Walked by here the other day, looks like it is doing well still
Dorothy Barry says that she moved in to the Margot and Harold Schiff Residences on a “blue-sky, ain’t-nowhere-I’d-rather-be-than-Chicago” kind of day back in the summer of 2007. She says you can’t do much better than this sleek, new Helmut Jahn–designed building on the north side of the city: She gets a millionaire’s view of the skyline and is just a short ride from downtown and the beaches of Lake Michigan.
At Division Street and Clybourn Avenue, though, she’s also within blocks of the infamous Cabrini-Green public housing. Those towers are mostly torn down, replaced by mixed-income residential towers and townhouses—but their shells remind Chicagoans to do better when it comes to housing the less well-off.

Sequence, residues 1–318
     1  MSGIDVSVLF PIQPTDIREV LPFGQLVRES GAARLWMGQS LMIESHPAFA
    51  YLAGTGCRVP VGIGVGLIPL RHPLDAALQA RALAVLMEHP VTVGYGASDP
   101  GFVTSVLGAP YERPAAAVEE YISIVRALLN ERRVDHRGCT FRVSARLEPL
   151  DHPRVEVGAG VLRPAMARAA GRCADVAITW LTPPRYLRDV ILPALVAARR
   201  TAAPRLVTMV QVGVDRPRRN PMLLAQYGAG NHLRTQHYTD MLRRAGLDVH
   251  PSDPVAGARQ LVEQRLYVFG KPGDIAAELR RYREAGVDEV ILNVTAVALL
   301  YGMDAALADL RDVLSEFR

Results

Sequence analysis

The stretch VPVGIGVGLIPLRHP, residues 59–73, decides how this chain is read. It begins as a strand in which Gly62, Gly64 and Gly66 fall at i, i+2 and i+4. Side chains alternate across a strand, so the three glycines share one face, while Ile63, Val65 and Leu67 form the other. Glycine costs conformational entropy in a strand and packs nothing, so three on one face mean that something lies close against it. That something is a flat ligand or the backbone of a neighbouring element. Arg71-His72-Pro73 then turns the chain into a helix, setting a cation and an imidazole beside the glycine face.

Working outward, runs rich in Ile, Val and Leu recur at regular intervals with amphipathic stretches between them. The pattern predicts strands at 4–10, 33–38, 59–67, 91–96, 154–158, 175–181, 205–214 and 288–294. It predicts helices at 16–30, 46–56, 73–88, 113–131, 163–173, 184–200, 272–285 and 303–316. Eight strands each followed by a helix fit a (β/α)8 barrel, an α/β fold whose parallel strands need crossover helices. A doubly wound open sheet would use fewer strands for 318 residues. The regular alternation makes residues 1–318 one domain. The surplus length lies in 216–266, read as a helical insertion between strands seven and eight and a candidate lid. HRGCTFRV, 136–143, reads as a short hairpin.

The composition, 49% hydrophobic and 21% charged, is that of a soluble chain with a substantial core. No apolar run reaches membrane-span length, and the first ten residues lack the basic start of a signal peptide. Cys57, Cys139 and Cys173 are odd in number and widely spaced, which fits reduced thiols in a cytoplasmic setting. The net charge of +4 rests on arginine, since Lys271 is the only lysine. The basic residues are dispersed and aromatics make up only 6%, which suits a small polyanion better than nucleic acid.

Neighbors call the one-year-old stainless-steel Schiff Residences “the train,” and it does indeed resemble a polished railroad car cruising through the neighborhood. Its walls angle out as they rise up five stories, curving back over to form a roof before sliding down the other side. In a practical city raised on railroads this residential railcar is romantic. Strips of dark windows punctuate the walls, staggered to evoke forward momentum. In the ground-floor lobby, sunlight pours through great panes of floor-to-ceiling glass. Prada or Barneys could set up shop on the ground floor and no one would be the wiser.
But the Schiff Residences are permanent supportive-housing, with onsite case managers and other voluntary services. All of the 96 units are single-occupancy studio apartments. Residents here have struggled with physical and mental illness, substance abuse, and limited education. At the Schiff, you can stay as long as you follow the rules. It opened in March 2007, and already 300 people have expressed interest in moving in.
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